PhD Defense by Oliver Giraldo-Londoño

Event Details
  • Date/Time:
    • Wednesday September 23, 2020
      1:00 pm - 3:00 pm
  • Location: REMOTE: ZOOM
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  • URL: ZOOM
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Summaries

Summary Sentence: Topology optimization of single- and multi-material structures: From single-physics to multi-physics designs

Full Summary: No summary paragraph submitted.

Ph.D. Thesis Defense Announcement
Topology optimization of single- and multi-material structures: From single-physics to multi-physics
designs
by
Oliver Giraldo-Londoño


Advisor(s):
Dr. Glaucio H. Paulino (CEE)
Committee Members:
Dr. Yang Wang (CEE), Dr. David Rosen (ME), Dr. Daniel W. Spring (The Equity Engineering Group, Inc.), Dr. Lucia
Mirabella (Siemens Corporate Technology), Dr. Miguel Aguiló (Sandia National Laboratories)


Topology optimization is a computational design method used to find the optimized geometry of materials or structures meeting
some performance criteria while satisfying constraints applied either globally (as usual) or locally (a focus of this work). Topology
optimization can be used, for instance, to find lightweight structures that safely carry loads without failing. All you need is a
design objective (e.g., minimize the weight) and constraints (e.g., material strength) and, through a nonlinear programming
technique, the computer explores the solution space to find the optimized design. Despite the design freedoms afforded by
topology optimization, its widespread adoption has primarily been hindered by the inability of current formulations to efficiently
handle problems involving, for instance, multi-physics, multiple materials, and local material failure constraints. Thus, this thesis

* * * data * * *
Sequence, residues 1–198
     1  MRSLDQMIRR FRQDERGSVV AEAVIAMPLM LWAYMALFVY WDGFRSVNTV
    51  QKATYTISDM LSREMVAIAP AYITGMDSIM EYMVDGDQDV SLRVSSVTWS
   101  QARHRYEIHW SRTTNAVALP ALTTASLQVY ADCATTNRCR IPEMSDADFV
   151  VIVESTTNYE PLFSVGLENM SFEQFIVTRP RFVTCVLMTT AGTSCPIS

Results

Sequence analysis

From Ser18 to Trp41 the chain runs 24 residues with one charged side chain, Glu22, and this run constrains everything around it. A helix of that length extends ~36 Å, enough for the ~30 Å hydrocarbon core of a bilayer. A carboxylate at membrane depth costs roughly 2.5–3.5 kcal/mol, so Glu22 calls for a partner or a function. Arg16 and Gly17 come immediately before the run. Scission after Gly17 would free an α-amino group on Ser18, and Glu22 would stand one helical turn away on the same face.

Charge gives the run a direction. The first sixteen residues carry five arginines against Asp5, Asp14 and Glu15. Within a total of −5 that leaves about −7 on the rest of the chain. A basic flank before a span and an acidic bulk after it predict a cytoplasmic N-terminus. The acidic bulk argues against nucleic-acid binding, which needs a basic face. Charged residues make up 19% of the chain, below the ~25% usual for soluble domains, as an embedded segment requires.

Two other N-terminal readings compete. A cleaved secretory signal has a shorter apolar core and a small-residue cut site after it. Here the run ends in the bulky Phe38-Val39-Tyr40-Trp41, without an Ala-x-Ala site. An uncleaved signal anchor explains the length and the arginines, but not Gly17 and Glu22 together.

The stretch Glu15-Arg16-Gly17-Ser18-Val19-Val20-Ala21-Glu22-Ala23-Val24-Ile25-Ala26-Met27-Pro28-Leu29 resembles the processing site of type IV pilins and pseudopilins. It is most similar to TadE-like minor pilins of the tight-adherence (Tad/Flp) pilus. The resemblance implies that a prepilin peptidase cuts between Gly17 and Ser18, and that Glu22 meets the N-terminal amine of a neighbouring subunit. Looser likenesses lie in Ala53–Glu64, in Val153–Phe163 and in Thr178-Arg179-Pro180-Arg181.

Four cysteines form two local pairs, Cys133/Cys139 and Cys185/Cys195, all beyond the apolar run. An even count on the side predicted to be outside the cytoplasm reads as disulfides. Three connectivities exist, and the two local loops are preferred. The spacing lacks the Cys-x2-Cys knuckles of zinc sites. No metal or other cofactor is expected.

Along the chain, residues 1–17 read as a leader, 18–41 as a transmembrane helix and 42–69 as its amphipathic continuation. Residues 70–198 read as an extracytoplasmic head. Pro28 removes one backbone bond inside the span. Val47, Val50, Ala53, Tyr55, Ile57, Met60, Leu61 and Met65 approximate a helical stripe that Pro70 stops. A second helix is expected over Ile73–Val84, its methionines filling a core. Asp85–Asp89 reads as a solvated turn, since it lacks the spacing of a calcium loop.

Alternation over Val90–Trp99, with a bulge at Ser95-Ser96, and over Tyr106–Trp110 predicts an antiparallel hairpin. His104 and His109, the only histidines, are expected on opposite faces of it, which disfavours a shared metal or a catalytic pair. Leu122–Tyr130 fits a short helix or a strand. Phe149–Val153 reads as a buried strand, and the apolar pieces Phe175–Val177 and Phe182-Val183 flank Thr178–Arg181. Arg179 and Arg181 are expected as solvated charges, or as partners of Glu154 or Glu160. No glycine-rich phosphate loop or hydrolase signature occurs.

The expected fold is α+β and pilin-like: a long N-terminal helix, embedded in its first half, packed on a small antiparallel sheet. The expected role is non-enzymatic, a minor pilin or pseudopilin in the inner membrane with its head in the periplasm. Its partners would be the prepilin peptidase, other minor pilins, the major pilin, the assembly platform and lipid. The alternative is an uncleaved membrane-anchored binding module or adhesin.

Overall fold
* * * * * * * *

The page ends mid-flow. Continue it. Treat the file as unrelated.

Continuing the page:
contributes to theoretical formulations, computer algorithms, and numerical implementations for topology optimization with an
emphasis on problems subjected to either global constraints (e.g., energy-type constraints) or local constraints (e.g., material
failure constraints), and for applications involving single or multiple physical phenomena and single- or multi-material designs.
This work can be divided into two parts. In the first part, we present a general multi-material formulation that can handle an
arbitrary number of materials and volume constraints (i.e., global-type constraints), and any type of objective function. To handle
problems with such generality, we adopt a special linearization of the original optimization problem using a non-monotonous
convex approximation of the objective function written in terms of positive and negative components of its gradient. The outcome
is a scheme that updates the design variables associated with one constraint independently of the others, leading to an efficient,
parallelizable formulation. The new update scheme allows us to design multi-phase viscoelastic microstructures, thermoelastic
structures, and structures subjected to general dynamic loading. In the second part of this thesis, we introduce an augmented
Lagrangian formulation to solve problems with local stress constraints correctly—a dilemma that has been unresolved thus far.
First, we create a formulation to solve stress-constrained problems both for linear and nonlinear structures and provide an
educational open-source code aiming to bridge the gap between research and education. Next, to extend the range of
applications to structures that can be made of materials other than ductile metals, we introduce a function that unifies several
classical strength criteria to predict the failure of a wide spectrum of materials, including either ductile metals or
pressure-dependent materials, and use it to solve topology optimization problems with local stress constraints. We then extend
the framework to time-dependent problems and address stress-constrained problems for structures subjected to general
dynamic loading, in which the stress constraints are satisfied both in space (i.e., locally at every point of the discretized domain)
and time (i.e., throughout the duration of the dynamic event). Unlike most work in the literature, this augmented Lagrangian
framework leads to a scalable formulation that solves the optimization problem consistently with the local definition of stress and
handles thousands or even millions of constraints efficiently. In summary, all components of this work are aimed to address
critical challenges that have prevented topology optimization from being embraced as a practical design tool for
industry-relevant applications.

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Phd Defense
Status
  • Created By: Tatianna Richardson
  • Workflow Status: Published
  • Created On: Aug 31, 2020 - 3:47pm
  • Last Updated: Aug 31, 2020 - 3:47pm